Diesel Exhaust and Fumes

Diesel exhaust contains well over a thousand harmful components that can lead to pulmonary disease and cancer. With the conversion from steam locomotives to diesel power in the railroad industry during the 1950’s, railroad workers and others became exposed to a whole new cocktail of harmful gases, fumes and particulates emitted by the diesel locomotives. Many of the earlier locomotives were very “smoky” due to poor combustion of the diesel fume by those engines. Many railroad crews had to ride with the “long hood forward” ahead of the cab exposing them to the harmful effects of these fumes. Others were required to ride in the second and third locomotives of a train consist causing them to be exposed to even more fumes generated by the locomotives in front of them as the trains traveled. In the early years, shop workers had considerable exposure because diesel locomotives were allowed to be brought into the shops running and remain running while they were inside poorly ventilated buildings that were not designed for the new diesel locomotives. Many railroad workers were exposed to these harmful fumes up to twelve hours per day for decades. As a result, many have developed lung disease and even cancer caused by diesel exhaust. The Moody Law Firm, Inc. has in depth experience at representing railroad workers in cases of disease caused by diesel exhaust.
Diesel exhaust is generally made up of two main components – the gaseous phase and the particulate phase. The gaseous phase contains many harmful components, including carbon monoxide, carbon dioxide, formaldehyde, acrolein, nitrogen oxide and nitrogen dioxide. These components cause acute affects such as irritation of the respiratory tract and burning, watering eyes. Most of these affects are usually temporary and disappear when the exposure ceases. The second component is the particulate phase. In the exhaust are millions of unburned carbon particles that appear as dark smoke or soot. Attached to these particles are hundreds of chemical compounds that get carried deep within the lungs and deposited. Several recognized carcinogens which are attached to the carbon particles include benzopyrene and polynuclear aeromatic hydrocarbons (PAH). Once there, the chemicals can be absorbed into the lung tissue and cause several ailments including chronic obstructive pulmonary disease (COPD), asthma, and lung cancer.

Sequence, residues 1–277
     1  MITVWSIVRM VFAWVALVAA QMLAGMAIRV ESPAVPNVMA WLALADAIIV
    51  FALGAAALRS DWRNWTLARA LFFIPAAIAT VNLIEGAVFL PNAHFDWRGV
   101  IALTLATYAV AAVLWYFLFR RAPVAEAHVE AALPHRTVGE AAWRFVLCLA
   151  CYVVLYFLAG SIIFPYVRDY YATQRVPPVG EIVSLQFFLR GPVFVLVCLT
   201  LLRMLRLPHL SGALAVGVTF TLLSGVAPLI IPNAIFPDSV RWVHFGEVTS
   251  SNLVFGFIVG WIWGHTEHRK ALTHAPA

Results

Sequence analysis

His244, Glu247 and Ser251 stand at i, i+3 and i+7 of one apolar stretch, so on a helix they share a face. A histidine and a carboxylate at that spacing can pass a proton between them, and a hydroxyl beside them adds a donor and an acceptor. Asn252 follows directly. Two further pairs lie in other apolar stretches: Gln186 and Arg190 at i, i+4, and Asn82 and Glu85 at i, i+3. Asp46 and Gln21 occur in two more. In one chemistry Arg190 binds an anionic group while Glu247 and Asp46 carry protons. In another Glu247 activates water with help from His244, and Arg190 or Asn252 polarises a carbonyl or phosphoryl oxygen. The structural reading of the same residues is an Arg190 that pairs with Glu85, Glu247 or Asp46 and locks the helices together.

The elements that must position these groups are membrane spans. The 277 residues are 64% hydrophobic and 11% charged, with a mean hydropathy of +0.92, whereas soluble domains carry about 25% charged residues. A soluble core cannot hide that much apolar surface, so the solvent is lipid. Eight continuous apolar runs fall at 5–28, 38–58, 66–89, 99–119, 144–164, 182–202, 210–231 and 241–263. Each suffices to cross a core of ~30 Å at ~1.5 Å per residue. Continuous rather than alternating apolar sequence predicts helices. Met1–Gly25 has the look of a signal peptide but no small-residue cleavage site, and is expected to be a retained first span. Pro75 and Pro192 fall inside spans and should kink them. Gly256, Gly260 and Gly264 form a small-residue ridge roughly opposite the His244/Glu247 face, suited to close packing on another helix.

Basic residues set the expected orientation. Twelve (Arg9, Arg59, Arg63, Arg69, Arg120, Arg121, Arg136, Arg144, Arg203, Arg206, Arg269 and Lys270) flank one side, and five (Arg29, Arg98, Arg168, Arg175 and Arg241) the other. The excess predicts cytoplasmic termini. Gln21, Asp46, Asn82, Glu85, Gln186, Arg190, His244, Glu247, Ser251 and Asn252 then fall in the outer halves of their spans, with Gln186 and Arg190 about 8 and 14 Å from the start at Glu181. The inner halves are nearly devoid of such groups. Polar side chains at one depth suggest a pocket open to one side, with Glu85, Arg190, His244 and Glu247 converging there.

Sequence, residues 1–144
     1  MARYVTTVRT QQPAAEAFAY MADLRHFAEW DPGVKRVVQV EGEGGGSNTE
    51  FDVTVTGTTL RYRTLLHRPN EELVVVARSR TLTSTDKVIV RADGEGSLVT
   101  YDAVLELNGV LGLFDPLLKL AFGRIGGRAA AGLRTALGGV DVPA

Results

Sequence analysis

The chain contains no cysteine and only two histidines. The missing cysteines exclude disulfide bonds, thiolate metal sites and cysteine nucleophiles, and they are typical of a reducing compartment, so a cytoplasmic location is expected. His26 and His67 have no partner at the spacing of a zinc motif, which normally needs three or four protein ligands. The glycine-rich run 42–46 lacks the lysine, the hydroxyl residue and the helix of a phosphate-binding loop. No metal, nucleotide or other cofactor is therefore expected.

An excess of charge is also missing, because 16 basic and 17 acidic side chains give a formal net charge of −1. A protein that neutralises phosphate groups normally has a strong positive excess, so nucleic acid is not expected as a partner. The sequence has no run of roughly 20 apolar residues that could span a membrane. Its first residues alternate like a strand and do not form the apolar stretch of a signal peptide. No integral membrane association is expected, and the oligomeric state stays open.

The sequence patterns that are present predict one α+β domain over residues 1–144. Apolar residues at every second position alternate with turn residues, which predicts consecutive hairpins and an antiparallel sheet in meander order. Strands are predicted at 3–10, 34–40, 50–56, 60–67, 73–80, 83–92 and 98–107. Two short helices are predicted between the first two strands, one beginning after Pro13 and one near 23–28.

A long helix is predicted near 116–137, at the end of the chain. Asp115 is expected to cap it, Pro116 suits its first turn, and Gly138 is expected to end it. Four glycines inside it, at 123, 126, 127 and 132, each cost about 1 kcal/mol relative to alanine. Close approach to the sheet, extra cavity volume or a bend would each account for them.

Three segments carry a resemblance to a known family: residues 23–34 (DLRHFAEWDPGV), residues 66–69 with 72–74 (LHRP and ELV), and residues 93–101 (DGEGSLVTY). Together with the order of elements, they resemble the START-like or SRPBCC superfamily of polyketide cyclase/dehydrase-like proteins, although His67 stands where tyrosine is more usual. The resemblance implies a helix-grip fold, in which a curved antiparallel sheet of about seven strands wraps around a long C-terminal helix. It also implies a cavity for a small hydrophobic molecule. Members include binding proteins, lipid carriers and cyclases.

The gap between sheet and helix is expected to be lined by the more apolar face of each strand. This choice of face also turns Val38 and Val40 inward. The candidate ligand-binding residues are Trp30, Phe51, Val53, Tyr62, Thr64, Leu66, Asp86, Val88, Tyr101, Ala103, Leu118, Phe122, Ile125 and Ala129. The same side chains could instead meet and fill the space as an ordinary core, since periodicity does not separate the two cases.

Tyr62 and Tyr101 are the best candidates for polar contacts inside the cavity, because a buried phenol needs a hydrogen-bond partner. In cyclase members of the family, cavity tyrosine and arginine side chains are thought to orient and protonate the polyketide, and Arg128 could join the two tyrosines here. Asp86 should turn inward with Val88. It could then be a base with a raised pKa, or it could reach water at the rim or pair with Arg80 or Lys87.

Literature regarding the harmful affects of the exposure to diesel exhaust have appeared in the medical journals since as early as the 1960’s. There are many articles published discussing this topic, including some which are not specific to railroad workers. In the 1980’s, researchers at Harvard began studying the harmful affects specific to railroad workers and have published many articles regarding the increased risk of lung cancer and other diseases to railroad workers. There are now very good epidemiological studies linking lung cancer and COPD with diesel exhaust. Railroad workers who have the highest potential for exposure and disease from diesel exhaust include:

Railroad crafts who The Moody Law Firm, Inc. have helped obtain compensation for asbestos related diseases include:
  • Engineers
  • Firemen
  • Conductors
  • Brakemen
  • Some Shop Workers​
Most of the medical studies have focused on train crews and determined that only the earlier shop workers had significant exposure. In the early railroad years, railroads brought the engines into the shops with the engines running and left them running while inside the building. Many of these shops were designed for steam locomotives and not for the new diesels and had very poor ventilation. This poor ventilation allowed exhaust fumes to accumulate in the shops where employees breathe those fumes constantly while working there.

Train crews have had several other common exposures. Earlier locomotives were smokier than the newer technology used to build diesel locomotives today. Other things have affected crews’ exposure, such as the removal of cabooses from trains which required them to ride on trailing locomotive units. Poor maintenance of engines which allowed exhaust leaks from the engine compartment into the cab and bad cab seals on doors and windows causing exhaust fumes to enter the cab. Tunnels are a particular problem for train crews who cannot escape the exhaust plume that envelopes the locomotive as they travel through long tunnels. There are numerous complaints on record with most railroads as well as with the Federal Railroad Administration regarding train crews being exposed to excessive diesel exhaust.

Railroad workers who develop lung disease or cancer as a result of on the job exposure to diesel exhaust are entitled to compensation and are covered under the Federal Employers’ Liability Act. This law provides compensation for employees for occupational diseases such as those caused by diesel exhaust. The railroads have been aware for a long time regarding the hazards associated with these exposures and yet have not taken sufficient steps in many cases to protect workers from exposures that would cause disease. If you or your loved one has been injured due to a workplace exposure on the railroad and has developed a disease or cancer as a result of that, The Moody Law Firm, Inc. can help you. We have decades of experience assisting railroad workers with claims for occupational diseases and stand ready to assist you and your families.

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